Six months later I found myself at a crossroads. Order Desk was taking up more and more of my time and I began to resent the freelance work that was getting in the way. Looking at the Order Desk revenue and trajectory, I decided to go all in and stopped taking on new work.

I began spending all my time building features and integrations while doing support and sales at Order Desk. A year later, I found myself so busy that I knew I needed some help.

I’d never hired anyone before and to be honest, I was terrified. I’d have to spend so much time training this person. What if they weren’t honest? Would they care about my customers and product the same way I did? These fears turned out to be unfounded.

My first employee was wonderful and we made a great team. Together, we worked hard building the business and it began to grow even faster. Over the next few years, I learned a lot about hiring and people and myself.

Not only that, but I found a new purpose for my career beyond just building the product to make gobs of money. Providing a place for my team to build their own careers was incredibly satisfying.

Order Desk’s public website circa 2013

Since launch, what growth channels have been most effective for you?

In the early days, I was so focused on development and support, that I never prioritized any marketing. Order Desk grew through word of mouth and with the support of our partners, whose customers needed our product.

Today, we have a team that focuses on building content and working with our partners, but we’ve never spent time running ads or trying to buy customers. Instead, we’ve spent our efforts building relationships with our partners: companies that are running fulfillment for their merchants.

Since the beginning, we’ve tried to build as many third-party integrations as possible and today, we have connections to more than 325 different services. By focusing on our partners, we can help them improve the service they provide to customers and it’s a natural sales program that multiplies our efforts.

Did you ever have an “oh shit” moment where you thought it wouldn’t work?

For a few days in March 2020, we were very worried right along with everyone else. We started thinking about what a collapse would look like and strategizing for how we could conserve cash and how long we’d be able to last if we had a drastic dropoff in customers.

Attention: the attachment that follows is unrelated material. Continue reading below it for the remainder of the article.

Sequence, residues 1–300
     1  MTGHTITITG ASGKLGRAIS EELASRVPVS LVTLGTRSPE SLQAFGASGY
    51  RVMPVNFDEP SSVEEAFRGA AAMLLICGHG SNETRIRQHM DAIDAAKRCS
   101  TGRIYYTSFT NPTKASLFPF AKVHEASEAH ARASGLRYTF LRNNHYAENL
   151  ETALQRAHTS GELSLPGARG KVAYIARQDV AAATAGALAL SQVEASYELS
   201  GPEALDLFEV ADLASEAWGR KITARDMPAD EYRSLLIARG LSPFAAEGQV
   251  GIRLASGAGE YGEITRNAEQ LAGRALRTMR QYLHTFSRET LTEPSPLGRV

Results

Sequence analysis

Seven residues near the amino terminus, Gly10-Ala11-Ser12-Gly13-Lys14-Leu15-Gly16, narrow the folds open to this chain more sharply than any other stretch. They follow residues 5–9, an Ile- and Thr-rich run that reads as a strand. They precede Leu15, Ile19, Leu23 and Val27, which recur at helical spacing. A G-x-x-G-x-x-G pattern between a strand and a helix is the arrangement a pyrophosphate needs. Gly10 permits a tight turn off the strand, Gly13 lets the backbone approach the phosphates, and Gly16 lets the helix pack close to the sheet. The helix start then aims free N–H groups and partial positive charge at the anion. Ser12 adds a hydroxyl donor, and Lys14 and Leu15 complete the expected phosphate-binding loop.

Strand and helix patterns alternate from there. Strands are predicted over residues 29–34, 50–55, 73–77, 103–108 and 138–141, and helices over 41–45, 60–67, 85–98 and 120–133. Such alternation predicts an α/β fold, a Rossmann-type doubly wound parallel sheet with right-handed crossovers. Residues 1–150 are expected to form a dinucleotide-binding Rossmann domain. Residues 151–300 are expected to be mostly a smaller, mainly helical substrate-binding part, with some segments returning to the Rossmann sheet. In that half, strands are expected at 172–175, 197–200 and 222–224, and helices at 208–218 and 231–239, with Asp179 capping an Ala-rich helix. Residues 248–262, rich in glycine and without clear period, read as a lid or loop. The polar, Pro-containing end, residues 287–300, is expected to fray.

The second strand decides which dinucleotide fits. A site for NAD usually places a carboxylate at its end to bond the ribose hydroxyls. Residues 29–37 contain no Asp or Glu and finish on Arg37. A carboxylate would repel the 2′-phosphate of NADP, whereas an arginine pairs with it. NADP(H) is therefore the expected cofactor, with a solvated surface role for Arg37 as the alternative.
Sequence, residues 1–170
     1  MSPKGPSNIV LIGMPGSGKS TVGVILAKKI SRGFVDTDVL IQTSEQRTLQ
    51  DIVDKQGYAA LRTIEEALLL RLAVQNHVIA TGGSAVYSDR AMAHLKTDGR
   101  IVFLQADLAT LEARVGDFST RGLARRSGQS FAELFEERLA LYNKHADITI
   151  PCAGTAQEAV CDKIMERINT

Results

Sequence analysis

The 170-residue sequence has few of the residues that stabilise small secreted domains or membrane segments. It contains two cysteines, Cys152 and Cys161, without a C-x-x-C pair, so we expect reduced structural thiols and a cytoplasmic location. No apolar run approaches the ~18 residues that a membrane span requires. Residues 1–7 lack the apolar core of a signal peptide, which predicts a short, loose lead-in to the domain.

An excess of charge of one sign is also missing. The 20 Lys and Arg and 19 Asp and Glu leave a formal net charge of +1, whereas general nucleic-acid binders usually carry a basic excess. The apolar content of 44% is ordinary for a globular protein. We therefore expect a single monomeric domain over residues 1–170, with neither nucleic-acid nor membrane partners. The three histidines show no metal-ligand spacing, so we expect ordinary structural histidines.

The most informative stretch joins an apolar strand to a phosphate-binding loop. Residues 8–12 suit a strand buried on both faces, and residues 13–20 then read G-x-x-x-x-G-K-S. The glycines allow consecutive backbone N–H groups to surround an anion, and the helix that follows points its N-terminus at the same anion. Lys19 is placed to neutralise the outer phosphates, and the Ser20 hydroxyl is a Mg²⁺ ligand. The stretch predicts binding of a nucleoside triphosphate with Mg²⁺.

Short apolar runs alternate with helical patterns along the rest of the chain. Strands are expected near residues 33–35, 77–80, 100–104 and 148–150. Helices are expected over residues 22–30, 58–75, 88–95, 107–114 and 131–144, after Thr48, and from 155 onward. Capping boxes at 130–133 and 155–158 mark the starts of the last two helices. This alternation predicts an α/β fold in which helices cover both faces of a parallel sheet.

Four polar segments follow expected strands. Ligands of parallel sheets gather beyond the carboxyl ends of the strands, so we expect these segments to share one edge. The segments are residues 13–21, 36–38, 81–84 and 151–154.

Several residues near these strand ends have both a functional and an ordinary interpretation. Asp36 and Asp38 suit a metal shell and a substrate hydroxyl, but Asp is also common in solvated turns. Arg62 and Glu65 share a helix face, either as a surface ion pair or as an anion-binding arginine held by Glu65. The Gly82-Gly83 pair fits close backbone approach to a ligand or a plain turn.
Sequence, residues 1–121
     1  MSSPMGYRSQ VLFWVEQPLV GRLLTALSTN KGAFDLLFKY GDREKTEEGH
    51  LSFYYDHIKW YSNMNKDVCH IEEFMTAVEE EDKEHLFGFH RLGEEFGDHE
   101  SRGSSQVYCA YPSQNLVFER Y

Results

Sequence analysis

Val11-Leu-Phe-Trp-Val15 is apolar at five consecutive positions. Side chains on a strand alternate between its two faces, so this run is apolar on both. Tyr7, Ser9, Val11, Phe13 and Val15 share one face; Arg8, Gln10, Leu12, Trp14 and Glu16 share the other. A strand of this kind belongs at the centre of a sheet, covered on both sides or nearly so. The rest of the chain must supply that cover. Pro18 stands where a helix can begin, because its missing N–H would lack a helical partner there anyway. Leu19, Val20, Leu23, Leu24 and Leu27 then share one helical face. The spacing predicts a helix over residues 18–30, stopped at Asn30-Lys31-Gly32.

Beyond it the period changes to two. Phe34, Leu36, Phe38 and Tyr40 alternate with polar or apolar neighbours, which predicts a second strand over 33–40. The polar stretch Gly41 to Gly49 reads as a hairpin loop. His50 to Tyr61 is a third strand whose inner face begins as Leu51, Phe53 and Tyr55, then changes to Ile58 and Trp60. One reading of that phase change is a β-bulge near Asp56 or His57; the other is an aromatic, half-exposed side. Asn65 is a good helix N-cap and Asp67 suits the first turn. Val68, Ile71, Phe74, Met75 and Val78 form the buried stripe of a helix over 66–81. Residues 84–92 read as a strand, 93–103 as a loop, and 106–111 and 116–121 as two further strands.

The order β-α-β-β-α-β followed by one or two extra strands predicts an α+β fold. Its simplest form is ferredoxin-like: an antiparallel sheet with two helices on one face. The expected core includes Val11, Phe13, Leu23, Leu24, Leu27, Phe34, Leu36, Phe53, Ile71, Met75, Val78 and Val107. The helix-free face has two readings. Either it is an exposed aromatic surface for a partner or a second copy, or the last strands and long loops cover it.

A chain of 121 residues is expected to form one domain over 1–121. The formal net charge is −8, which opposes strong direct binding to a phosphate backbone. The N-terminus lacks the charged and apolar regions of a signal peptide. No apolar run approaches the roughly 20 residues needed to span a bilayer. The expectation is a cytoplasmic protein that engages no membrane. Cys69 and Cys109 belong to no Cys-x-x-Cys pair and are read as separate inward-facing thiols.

But the opposite happened. We saw a tremendous increase in sales because everyone stayed home and spent stimulus money on the internet! It was like Q4 in Q2.

Really though, the boring answer is no, not really. This idea and project has grown as a direct reaction to the needs of our paying customers so we’ve always had a strong market fit.

We’re 100% bootstrapped so we only grow as we can cashflow that growth. Not only that but being bootstrapped means that we are free to make the business decisions that drive our priorities. It’s important that the leadership team share the same priorities and we often make decisions that prioritize stability over high growth.

Can you break down the keys to this business model for us? What makes it work? And what do outsiders typically not understand about your industry?

Our business model is pretty simple. We charge a monthly service fee and then a small per-order fee for customers to use our app. The base fees account for 30% of our revenue with the usage fees accounting for the other 70%.

Because we are transaction-based, when order volume fluctuates, we tend to see revenue do the same. This also means that our Q4 revenue goes through the roof as we see our order volume more than double in November/December each year.

In the early days, we were seeing 60-80% YoY growth, but now that we are bigger, our growth is more measured.

Our organization is broken down into four teams: support, engineering, content, and people ops with leads for each of these teams. Because we are still a small company, everyone knows everyone else and we’re able to easily collaborate across teams.

What platform/tools are absolutely crucial for your business?

Our business is 100% remote so everything starts with Slack. Our Slack platform enables the collaboration that we’d otherwise miss from not having an in-person office.

We also use Zoom and Around to help our team stay connected. Around in particular is great for drop-in meetings where a few people can work together, keeping video bubbles available at the top of their screens.

Other than that, we keep things pretty simple with a combo of AWS and Stripe that make building a modern web app so nice. We use Notion as our collective Team Brain, Shortcut for managing development projects, and BitBucket for hosting our code.